The Hedge Fund Law Report

The definitive source of actionable intelligence on hedge fund law and regulation

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By Topic: Press Policies

  • From Vol. 5 No.46 (Dec. 6, 2012)

    Benefits and Burdens to Hedge Fund Managers of Speaking to the Media (Part Two of Two)

    After decades of reluctance, hedge fund managers are starting to talk to the media – a trend fueled by legal and business changes.  On the legal side, final rules under the Jumpstart Our Business Startups (JOBS) Act will implement the repeal of the ban on general solicitation and advertising for hedge funds that rely on Regulation D.  On the business side, the enhanced negotiating clout of investors has required managers to distinguish their product and service offerings.  There are at least six distinct benefits to hedge fund managers of talking to the media, as catalogued in the first article in this series.  See “Benefits and Burdens to Hedge Fund Managers of Speaking to the Media (Part One of Two),” The Hedge Fund Law Report, Vol. 5, No. 45 (Nov. 29, 2012).  However, talking to the media can also involve a range of regulatory, business, reputational and other risks.  This is the second article in our two-part series designed to help hedge fund managers decide whether to talk to the media and, if they do, how to identify and manage the attendant risks.  In particular, this article discusses the various downsides of speaking with the media; situations in which fund managers should avoid speaking to the media; and six best practices for minimizing the range of risks posed by communications between hedge fund manager principals and employees and the media.

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  • From Vol. 5 No.45 (Nov. 29, 2012)

    Benefits and Burdens to Hedge Fund Managers of Speaking to the Media (Part One of Two)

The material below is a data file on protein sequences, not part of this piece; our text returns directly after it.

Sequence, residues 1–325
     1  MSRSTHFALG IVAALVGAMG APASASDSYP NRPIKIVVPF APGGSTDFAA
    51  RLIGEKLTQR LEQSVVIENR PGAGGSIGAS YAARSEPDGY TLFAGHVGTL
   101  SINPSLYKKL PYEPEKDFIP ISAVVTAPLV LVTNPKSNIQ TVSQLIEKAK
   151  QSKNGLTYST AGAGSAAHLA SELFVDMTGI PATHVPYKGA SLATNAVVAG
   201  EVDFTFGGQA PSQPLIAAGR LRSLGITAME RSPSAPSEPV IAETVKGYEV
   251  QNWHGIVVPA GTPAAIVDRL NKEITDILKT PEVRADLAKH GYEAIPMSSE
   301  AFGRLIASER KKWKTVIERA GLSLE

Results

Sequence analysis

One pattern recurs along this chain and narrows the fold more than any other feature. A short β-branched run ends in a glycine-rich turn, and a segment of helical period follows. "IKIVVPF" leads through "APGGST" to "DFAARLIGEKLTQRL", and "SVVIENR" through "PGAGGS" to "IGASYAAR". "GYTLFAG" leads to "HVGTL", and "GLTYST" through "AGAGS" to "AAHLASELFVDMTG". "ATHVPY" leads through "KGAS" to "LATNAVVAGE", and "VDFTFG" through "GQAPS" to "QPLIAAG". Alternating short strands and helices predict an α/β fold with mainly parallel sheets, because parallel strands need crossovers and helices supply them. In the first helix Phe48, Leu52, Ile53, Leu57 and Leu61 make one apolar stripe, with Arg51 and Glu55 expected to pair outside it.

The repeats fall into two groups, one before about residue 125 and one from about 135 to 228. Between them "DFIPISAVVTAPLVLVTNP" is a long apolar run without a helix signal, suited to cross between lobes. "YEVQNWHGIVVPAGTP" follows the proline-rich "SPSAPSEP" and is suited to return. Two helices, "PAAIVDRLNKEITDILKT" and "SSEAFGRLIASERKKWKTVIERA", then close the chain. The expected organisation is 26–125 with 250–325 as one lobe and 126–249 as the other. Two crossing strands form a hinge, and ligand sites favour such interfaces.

The historical reticence of hedge fund managers was, in large part, a function of the very statutes and regulations that made the precipitous growth of the hedge fund industry possible.  The safe harbor that allowed hedge funds to avoid the public offering rules also prohibited managers from generally soliciting or advertising.  The rule that exempted hedge fund managers from investment adviser registration also prohibited managers from holding themselves out to the public as advisers.  And the laws that permitted hedge funds to avoid registering as investment companies prohibited the same hedge funds from engaging in a public offering.  But law and regulation were not the only factors that historically kept managers quiet.  In addition, in many periods before the credit crisis, the capital raising advantage was generally on the side of managers, at least the decent performing ones.  Hedge funds retained an air of exclusivity and manager reticence enhanced that aura.  Much has changed since the crisis, of course.  On the regulatory side, most hedge fund managers now have to register, and doing so allows – in effect, requires – a manager to hold itself out to the public as such.  And the Jumpstart Our Business Startups (JOBS) Act has effectively eliminated the ban on general solicitation.  For a deeper discussion of the contours and consequences of the proposed JOBS Act rules, see “JOBS Act: Proposed SEC Rules Would Dramatically Change Marketing Landscape for Hedge Funds,” The Hedge Fund Law Report, Vol. 5, No. 34 (Sep. 6, 2012).  On the business side, the post-crisis capital raising advantage has generally tipped towards institutional (and, increasingly, retail) investors.  As a result, managers have been able, as a legal matter, and have been required, as a business matter, to make their cases and pitch their products.  Most such efforts at persuasion have been undertaken in one-on-one meetings or at small events.  But to an increasing degree, hedge fund managers are talking to the financial and general press, appearing on television and otherwise interacting with mass media.  Doing so in a structured, thoughtful and well-advised way offers numerous benefits to managers.  But various legal and business risks continue to loom large.  This article is the first in a two-part series weighing the benefits and burdens to hedge fund managers of speaking to the press, and outlining best practices and compliance recommendations for interactions between managers and the media.  In particular, this article discusses the historical reluctance on the part of managers to speak to the press; how the JOBS Act and other legal and regulatory changes have relaxed that reluctance; and six discrete benefits to hedge fund managers of speaking with the press.  The second installment in the series will discuss the risks to managers of speaking with the press; situations where managers should avoid speaking to the press; and best practices and compliance recommendations for communications between principals and employees of hedge fund managers and the media.

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